Imagine with me that you are this man. You’ve just run a long way, maybe from the next town, to ask Jesus this question. You know the commandments, and you’ve followed them, but there’s still something missing—you just don’t know what it is. Jesus first points out that you can’t ascribe God’s goodness to him, then tells you to follow the commandments, obviously. You explain that you’ve always been very good, very righteous, very law abiding. … And Jesus loves you! … But then he tells you something you really don’t want to hear: sell everything you own, give away the money, and come wander with him. “Excuse me, what?” You think. Sell everything? Follow…where? You go away very sad.
What is it about selling your stuff that would be so awful? Is it that everyone associates wealth with God’s blessing? Is it that a loss of social status would change who you are? What is it? Well, I know what would be awful for me: I like most of my stuff. I’m always telling people I have too much stuff, and I do. But I do have some things that I am not able to part with…like my clarinet, for instance. I haven’t played in over a year, and there’s a beautiful, high quality professional clarinet in my closet. But would I sell it even if Jesus told me to? Probably not. Sure, I’m willing to entertain the notion—I often do, for about 12 seconds—but follow through? I don’t think so.
Well, Peter points out that he and his fellow disciples have done exactly that. Well, they left everything, anyway, though it’s not clear that they necessarily sold everything. I often see myself as Peter in the gospel story—he gets it, then really really doesn’t…he’s just so human. It’s probably a little easier to imagine yourself as Peter, so let’s take another trip to the land of make-believe for a moment.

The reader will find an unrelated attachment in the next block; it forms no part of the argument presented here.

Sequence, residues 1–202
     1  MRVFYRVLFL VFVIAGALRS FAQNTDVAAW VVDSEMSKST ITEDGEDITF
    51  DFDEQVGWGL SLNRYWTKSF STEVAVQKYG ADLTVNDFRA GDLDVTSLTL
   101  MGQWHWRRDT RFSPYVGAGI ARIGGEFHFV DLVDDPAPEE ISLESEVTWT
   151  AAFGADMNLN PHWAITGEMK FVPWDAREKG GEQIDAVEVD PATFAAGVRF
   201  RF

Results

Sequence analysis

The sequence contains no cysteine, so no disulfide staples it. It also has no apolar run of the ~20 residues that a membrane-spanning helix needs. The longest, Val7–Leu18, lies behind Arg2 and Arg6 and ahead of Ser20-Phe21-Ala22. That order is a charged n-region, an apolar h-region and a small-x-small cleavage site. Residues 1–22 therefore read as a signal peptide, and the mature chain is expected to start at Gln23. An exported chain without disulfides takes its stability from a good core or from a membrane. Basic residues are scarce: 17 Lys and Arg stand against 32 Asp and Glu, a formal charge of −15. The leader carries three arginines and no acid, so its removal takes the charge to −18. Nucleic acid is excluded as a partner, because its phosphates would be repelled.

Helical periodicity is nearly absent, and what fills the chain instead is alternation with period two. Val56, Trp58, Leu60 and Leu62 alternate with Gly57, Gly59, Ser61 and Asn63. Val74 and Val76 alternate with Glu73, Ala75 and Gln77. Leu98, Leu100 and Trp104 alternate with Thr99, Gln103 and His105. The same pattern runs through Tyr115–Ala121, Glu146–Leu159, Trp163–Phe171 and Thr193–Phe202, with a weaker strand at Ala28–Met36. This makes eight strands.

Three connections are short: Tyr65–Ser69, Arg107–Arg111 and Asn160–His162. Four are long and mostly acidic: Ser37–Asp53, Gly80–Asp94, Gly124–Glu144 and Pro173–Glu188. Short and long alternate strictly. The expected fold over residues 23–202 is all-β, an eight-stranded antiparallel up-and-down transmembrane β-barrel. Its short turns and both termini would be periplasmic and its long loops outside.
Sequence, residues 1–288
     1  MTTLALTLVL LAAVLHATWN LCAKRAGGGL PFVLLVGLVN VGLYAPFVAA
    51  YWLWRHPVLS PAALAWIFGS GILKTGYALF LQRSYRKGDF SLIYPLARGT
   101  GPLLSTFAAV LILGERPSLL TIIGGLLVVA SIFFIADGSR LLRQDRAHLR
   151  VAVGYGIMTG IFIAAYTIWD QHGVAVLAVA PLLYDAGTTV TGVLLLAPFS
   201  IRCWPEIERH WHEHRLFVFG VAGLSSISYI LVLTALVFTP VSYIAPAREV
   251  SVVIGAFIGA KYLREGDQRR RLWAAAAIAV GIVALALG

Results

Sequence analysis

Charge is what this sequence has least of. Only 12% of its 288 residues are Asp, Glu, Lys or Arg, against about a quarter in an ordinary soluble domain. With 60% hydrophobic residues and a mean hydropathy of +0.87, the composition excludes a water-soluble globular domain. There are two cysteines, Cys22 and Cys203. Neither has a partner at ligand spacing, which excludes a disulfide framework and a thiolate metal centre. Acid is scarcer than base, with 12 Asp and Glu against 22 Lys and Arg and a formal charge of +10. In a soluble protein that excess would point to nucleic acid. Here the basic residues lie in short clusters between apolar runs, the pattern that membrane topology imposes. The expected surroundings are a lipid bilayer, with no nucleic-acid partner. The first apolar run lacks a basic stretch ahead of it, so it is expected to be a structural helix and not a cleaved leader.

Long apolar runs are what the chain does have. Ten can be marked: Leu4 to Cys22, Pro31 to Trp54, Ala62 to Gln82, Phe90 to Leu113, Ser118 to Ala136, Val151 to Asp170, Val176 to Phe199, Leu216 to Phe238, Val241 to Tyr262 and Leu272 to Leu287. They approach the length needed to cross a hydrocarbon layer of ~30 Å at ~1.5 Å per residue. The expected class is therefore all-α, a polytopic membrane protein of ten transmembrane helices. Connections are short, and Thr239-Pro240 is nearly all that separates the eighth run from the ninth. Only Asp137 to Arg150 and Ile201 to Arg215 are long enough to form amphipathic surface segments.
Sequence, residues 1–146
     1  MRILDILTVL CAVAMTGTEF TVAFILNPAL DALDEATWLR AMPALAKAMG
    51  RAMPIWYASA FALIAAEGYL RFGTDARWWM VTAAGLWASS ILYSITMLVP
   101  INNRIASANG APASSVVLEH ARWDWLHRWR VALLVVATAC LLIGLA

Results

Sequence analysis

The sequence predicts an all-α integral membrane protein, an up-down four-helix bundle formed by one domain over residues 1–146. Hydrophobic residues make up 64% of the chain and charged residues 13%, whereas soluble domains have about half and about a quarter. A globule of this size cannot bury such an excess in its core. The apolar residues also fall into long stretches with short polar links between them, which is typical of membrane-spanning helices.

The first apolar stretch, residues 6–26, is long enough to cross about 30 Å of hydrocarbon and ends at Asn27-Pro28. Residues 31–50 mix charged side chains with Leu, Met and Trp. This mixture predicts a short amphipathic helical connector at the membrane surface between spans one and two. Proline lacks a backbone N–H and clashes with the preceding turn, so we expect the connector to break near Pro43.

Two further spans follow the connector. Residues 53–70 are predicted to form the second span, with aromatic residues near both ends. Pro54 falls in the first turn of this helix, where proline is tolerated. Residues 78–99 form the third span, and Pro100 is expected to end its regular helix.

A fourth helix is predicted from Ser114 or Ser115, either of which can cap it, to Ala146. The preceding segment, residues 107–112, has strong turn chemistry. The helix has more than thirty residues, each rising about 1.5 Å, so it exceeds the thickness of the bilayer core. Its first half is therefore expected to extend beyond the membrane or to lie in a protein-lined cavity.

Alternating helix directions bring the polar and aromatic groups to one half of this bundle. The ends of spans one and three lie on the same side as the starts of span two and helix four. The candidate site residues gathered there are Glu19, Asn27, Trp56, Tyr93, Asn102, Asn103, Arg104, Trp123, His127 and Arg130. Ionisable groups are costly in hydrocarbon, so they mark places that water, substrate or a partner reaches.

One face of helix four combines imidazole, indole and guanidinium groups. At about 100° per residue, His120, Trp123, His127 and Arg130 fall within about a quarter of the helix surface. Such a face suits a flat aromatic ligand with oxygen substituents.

You’re packing for a journey—well, as much as you’re allowed to pack: your toothbrush, some sunglasses…Bartholomew gets caught trying to sneak an extra shirt for the trip so you’re all running late…and you’re finally walking out the door when yet another random person comes running up to Jesus insisting that he is asking the most important question of the century.
You overhear some of the conversation…Jesus telling him to follow the commandments—well, most of those were commandments, anyway—and then you hear the man claim to have followed them all. Huh? Who has followed all the commandments their whole lives? This guy must not have seen a priest lately, so he just doesn’t know that he’s broken them. Wait, wait, Jesus is talking again… Sell all your stuff and come follow me? Wha..why…huh? Well, I guess that’s what we’ve all done. Hey Jesus, guess what? We must have it right for a change because we’ve left everything to follow you. Excuse me, what? Wait….are you talking in riddles again? Yes I said riddles, not parables, riddles. Have you ever seen a camel? Those things are huge! No way. Wait, you’re already walking, but, hey Andrew, did he confirm that we got it right in leaving our homes and following him? Hello? Jesus?
Let me just tell you, this is how I feel most of the time. “Look Jesus, I’m doing something right for a change!” “Hey, I already do what you told that person, so that must be the magic formula that will get me in, right?” The difference between Peter and the random man is that Peter thinks he’s got it, and the man thinks he doesn’t. The man asks a question, and Peter makes a declaration. But there is also something similar about the two.